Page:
The Greenpeace ship Arctic Sunrise entered the Northern Sea Route (NSR) off Russia’s coastline to protest against Arctic oil drilling, in defiance of Russian authorities who this week refused the ship permission to enter the area.
Activists aboard the Greenpeace ship plan to engage in a peaceful protest against oil exploration adjacent to the Russian Arctic National Park, where Russian oil major Rosneft and US partner ExxonMobil are preparing to drill - in violation of Russia’s own environmental laws.
"We refuse to let illegal attempts by the Russian government to stop us from exposing dangerous oil drilling in the Arctic. The Russian Arctic National Park is a special place full of rare and threatened Arctic wildlife, and faces an infinitely greater threat from reckless oil companies than a fully equipped Greenpeace icebreaker," says Christy Ferguson, Greenpeace Arctic Campaigner aboard the Arctic Sunrise.
"If Rosneft and ExxonMobil bring in offshore drilling platforms they will risk catastrophic blowouts and spills that could devastate the region. They rely on secrecy and evasion, but we’re here with over 3.5 million people who have their eyes on the Arctic."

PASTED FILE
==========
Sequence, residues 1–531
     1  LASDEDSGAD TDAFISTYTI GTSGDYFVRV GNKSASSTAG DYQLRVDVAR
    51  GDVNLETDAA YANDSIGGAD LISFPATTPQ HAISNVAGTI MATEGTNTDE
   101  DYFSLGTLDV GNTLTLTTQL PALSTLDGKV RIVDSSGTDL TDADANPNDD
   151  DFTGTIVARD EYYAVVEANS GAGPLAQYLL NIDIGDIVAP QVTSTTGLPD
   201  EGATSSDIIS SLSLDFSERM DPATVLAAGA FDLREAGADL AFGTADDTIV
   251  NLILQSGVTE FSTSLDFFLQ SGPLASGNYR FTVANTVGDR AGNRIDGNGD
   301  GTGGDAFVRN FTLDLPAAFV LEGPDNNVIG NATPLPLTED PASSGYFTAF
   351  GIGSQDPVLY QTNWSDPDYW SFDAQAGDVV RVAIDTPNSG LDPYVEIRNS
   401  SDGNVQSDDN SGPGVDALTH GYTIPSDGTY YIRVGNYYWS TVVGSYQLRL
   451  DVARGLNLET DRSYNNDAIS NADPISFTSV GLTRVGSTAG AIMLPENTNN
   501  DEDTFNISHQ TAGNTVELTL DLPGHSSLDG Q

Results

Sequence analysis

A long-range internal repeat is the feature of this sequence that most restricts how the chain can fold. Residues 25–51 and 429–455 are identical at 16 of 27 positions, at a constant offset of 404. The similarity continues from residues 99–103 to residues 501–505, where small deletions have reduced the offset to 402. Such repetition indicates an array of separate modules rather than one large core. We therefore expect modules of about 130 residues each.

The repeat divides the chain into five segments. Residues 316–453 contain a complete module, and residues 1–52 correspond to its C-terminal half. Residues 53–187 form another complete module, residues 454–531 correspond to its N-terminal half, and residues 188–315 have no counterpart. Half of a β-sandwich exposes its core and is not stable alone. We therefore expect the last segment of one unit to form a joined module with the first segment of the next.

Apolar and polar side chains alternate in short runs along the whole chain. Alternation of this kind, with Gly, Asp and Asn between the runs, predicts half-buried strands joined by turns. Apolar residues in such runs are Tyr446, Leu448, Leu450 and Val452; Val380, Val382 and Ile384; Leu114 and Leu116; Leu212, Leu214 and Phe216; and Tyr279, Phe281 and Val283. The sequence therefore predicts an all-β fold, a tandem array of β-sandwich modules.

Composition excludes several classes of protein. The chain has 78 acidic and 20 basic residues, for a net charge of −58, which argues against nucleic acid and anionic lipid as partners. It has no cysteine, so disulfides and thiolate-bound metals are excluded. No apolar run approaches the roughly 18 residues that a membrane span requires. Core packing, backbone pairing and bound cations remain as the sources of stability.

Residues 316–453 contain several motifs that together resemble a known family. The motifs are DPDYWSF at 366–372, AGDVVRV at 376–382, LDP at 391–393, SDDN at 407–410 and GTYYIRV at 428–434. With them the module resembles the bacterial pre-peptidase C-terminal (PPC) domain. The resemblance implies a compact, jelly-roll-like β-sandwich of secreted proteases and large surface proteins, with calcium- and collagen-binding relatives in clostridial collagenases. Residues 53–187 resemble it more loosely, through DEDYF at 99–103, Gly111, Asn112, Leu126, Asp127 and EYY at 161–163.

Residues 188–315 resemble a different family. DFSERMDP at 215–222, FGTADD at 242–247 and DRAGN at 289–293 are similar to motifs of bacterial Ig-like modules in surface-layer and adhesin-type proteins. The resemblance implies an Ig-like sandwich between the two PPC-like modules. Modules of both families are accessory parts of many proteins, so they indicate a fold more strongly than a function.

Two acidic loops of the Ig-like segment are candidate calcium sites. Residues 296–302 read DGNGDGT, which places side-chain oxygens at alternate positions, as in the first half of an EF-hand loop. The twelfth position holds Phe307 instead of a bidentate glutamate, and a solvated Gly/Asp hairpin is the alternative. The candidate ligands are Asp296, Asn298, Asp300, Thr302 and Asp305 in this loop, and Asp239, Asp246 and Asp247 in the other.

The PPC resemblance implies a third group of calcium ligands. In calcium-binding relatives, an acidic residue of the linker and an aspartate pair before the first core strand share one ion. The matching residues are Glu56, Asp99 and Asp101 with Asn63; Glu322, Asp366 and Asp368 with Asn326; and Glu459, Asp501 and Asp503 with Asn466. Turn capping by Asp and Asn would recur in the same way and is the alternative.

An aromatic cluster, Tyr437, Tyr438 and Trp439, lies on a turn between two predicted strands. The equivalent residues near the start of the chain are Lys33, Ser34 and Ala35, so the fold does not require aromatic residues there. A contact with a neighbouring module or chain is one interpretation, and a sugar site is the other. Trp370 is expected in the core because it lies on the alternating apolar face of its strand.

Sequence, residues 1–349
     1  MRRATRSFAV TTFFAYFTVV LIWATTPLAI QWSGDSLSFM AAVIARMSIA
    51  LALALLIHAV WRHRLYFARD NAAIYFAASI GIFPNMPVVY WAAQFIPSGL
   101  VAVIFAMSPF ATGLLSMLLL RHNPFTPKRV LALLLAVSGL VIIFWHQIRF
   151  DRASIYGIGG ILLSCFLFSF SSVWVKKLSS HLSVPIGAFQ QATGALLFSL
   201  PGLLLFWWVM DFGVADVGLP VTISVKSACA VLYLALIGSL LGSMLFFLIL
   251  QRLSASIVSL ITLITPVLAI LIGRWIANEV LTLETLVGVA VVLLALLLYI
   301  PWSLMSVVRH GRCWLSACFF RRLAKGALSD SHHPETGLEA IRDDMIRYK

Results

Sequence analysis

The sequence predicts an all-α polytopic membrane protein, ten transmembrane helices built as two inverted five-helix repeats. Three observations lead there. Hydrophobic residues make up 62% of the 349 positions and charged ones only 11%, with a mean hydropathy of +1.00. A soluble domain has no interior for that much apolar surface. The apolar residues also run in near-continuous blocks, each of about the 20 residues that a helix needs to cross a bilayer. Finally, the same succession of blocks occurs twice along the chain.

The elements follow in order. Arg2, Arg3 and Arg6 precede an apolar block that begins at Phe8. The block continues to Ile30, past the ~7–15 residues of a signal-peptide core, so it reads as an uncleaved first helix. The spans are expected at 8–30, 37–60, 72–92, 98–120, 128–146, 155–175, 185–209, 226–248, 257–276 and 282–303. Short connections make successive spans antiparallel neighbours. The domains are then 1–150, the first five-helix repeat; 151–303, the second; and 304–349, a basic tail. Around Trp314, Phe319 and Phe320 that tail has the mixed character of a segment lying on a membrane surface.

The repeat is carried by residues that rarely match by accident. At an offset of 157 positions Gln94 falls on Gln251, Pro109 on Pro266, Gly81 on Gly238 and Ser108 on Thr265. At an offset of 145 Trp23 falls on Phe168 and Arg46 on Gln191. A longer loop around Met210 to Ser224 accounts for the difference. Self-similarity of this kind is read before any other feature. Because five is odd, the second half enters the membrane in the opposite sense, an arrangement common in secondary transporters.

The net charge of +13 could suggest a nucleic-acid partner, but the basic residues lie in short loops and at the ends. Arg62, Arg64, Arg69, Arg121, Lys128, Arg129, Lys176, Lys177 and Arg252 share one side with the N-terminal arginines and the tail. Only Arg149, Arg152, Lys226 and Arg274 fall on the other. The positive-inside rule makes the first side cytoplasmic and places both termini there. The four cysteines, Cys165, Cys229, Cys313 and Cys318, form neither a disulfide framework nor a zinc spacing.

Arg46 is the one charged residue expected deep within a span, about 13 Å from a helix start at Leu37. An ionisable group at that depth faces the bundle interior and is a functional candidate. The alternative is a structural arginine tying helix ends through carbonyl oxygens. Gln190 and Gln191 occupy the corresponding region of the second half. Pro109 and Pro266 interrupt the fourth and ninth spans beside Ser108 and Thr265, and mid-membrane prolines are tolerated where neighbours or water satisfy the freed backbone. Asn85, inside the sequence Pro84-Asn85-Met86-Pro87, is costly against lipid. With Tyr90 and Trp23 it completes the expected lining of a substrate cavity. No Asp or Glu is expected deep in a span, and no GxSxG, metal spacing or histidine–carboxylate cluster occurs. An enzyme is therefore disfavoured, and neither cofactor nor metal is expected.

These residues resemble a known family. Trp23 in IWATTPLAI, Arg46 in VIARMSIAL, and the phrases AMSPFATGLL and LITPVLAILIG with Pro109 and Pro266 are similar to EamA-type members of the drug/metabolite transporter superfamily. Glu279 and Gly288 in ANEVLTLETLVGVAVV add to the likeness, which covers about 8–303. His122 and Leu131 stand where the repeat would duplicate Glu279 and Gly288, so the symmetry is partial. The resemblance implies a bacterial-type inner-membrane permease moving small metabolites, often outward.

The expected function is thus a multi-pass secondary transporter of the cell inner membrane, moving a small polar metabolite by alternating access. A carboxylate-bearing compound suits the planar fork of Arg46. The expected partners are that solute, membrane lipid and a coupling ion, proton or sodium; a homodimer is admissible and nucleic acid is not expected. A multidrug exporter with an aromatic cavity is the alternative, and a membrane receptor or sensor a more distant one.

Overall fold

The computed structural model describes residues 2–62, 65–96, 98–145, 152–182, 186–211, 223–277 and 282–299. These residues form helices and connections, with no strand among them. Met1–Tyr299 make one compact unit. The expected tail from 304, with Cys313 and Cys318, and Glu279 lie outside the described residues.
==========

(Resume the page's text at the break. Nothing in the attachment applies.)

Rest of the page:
Greenpeace International revealed on Wednesday that the Russian government had denied permission for the Arctic Sunrise to enter the Northern Sea Route, despite the ship having met in full the requirements for such an entry. Greenpeace International said the refusal of entry was a clear attempt by the Russian government to stifle criticism of the oil industry.
The Arctic Sunrise continued towards the border of the Northern Sea Route as Greenpeace International called on the Northern Sea Route Administration to reassess the unjustified refusal of entry. That decision has not yet been reversed and the Arctic Sunrise entered the NSR on Saturday morning 0730 Moscow time.
Rosneft’s drilling concession Vostochno-Prinovozemelsky-2, explored in joint operation with ExxonMobil, includes 4,500 hectares with the Russian Arctic National Park in direct contradiction of Russian environmental law. The National Park, triumphantly established by Vladimir Putin’s decree in 2009 to develop tourism in the north, is referred to as the Pearl of the Arctic. It’s an important area for polar bears to give birth to their cubs, is famous for walrus rookeries and is home to narwhals and the bowhead whale.
The Russian Arctic National Park is not the only protected area being invaded by Rosneft. The company has managed to acquire a total of 1.2 million hectares of land and sea inside Arctic protected areas. Among them are the Bolshoi Arctichesky Nature Reserve, Franz-Josef Land Nature Reserve and the Wrangel Island Reserve, which is an UNESCO World Heritage Site also known as a ‘maternity ward’ for polar bears. Most of these concessions owned by Rosneft will be jointly explored with ExxonMobil.
“If an accident happens here it will cause irreparable harm to the entire region. There is no proven method for dealing with an oil spill in icy conditions, and cold water stops the oil breaking down for many years. Polar bears, walruses and rare creatures like the narwhal will lose their habitat and this place would be devastated.” Ferguson said.